Airfares took a roller-coaster ride this spring following the industry's attempt to pass on the reinstated ten percent ticket tax to consumers earlier this year. When the ride ended, the major carriers had settled on a four percent hike in fares.
This latest airfare drama was triggered by a Congressional vote in March to reinstate a package of ticket taxes that expired December 31. The tax package, used to fund airport safety projects, includes a $6 per ticket tariff on international departures and a 6.25 percent tax on domestic air cargo. When Congress allowed the ticket tax to lapse at the end of 1996, the airlines got a windfall by maintaining fares, most of which they had raised by ten to 20 percent in late December in anticipation of the expiration of the tax.
Following reinstatement of the ticket tax, American Airlines and Delta Air Lines raised fares on most routes by another ten percent. Both carriers backed off when Northwest Airlines refused to match the increase and instead boosted its fares by four percent. United Airlines and Continental Airlines also retreated from their ten percent increase and instituted a four percent hike.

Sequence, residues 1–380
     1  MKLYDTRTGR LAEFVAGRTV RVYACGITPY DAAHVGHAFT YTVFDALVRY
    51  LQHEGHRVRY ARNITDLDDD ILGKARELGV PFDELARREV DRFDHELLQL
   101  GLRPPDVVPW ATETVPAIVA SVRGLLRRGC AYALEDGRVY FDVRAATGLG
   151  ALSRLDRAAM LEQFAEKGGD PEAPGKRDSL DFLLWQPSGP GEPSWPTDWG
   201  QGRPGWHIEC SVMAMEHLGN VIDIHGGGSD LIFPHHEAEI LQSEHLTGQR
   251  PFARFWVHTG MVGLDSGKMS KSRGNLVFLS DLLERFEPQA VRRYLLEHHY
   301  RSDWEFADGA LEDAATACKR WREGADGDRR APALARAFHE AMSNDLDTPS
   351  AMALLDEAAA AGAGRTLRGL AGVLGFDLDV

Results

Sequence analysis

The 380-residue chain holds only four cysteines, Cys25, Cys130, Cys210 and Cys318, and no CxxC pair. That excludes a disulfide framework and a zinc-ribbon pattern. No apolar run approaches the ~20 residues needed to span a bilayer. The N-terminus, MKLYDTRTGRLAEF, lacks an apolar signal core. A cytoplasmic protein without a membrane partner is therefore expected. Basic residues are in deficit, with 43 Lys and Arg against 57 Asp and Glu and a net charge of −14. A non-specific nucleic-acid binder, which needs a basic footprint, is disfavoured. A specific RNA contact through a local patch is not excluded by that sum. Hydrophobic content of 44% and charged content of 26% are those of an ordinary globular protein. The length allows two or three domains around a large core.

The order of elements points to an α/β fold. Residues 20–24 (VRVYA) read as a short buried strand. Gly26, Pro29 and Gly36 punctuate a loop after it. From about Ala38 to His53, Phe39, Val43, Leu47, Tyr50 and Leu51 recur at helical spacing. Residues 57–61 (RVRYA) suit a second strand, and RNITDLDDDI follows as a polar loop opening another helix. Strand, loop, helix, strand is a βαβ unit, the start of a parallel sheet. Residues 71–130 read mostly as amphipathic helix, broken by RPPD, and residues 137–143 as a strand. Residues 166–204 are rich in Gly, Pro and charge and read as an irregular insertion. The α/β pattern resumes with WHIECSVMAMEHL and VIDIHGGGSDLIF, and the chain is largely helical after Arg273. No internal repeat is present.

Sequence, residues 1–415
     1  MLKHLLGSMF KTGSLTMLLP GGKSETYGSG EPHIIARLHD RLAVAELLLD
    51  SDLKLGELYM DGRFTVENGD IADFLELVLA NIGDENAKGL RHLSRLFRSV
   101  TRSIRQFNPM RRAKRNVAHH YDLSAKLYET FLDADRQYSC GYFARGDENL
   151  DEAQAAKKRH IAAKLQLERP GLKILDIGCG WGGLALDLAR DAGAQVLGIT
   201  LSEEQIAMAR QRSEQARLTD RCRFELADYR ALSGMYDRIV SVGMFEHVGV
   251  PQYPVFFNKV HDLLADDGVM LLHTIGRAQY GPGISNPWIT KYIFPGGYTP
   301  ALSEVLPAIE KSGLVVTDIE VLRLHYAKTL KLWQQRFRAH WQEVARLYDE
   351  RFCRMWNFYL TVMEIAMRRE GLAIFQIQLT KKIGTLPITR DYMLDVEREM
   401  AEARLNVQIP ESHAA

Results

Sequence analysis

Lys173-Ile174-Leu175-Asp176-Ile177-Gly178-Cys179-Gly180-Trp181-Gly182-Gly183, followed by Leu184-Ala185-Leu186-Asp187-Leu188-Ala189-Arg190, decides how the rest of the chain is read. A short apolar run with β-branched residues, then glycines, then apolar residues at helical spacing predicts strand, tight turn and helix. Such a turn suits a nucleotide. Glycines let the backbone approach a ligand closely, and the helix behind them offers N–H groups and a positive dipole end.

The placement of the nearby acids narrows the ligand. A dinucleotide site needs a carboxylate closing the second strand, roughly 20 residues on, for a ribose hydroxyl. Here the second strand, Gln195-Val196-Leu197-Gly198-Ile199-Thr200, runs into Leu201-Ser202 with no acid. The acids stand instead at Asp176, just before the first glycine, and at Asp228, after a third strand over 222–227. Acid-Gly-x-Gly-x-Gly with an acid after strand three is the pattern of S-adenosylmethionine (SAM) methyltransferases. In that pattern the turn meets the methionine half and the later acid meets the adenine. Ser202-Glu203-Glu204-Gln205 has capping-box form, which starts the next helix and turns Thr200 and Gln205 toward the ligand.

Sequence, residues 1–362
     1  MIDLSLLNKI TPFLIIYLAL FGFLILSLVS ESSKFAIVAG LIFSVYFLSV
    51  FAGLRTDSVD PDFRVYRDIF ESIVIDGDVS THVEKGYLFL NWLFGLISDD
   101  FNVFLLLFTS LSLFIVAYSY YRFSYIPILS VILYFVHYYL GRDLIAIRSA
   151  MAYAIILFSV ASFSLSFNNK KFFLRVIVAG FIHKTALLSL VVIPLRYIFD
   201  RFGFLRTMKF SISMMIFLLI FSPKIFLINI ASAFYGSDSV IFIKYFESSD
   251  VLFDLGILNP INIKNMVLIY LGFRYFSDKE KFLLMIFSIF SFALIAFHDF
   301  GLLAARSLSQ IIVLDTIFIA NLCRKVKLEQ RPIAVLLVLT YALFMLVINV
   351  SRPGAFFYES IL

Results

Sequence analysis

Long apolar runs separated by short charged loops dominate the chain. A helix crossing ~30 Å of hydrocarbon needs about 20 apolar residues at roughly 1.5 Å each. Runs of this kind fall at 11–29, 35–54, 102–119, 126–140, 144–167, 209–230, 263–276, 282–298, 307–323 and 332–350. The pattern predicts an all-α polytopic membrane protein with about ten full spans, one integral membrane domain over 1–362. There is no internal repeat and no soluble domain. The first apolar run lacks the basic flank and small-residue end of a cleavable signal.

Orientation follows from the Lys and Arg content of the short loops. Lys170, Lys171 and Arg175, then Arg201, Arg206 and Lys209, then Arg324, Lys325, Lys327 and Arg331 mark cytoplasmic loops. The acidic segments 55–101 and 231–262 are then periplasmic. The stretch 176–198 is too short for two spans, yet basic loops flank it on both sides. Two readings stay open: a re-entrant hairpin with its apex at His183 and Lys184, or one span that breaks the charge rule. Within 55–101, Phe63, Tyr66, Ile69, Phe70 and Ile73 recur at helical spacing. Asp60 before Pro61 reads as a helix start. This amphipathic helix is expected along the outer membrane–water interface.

Airfares had been continuing a year-long rise before this latest increase. Among the reasons: strong demand, limited capacity increases, and less competition from low-fare carriers. The higher fares, coupled with heavy traffic, has led to record airline profits. But fuel costs have also risen and many airlines--particularly American with its ongoing dispute with its pilots--are contending with rising labor costs as well.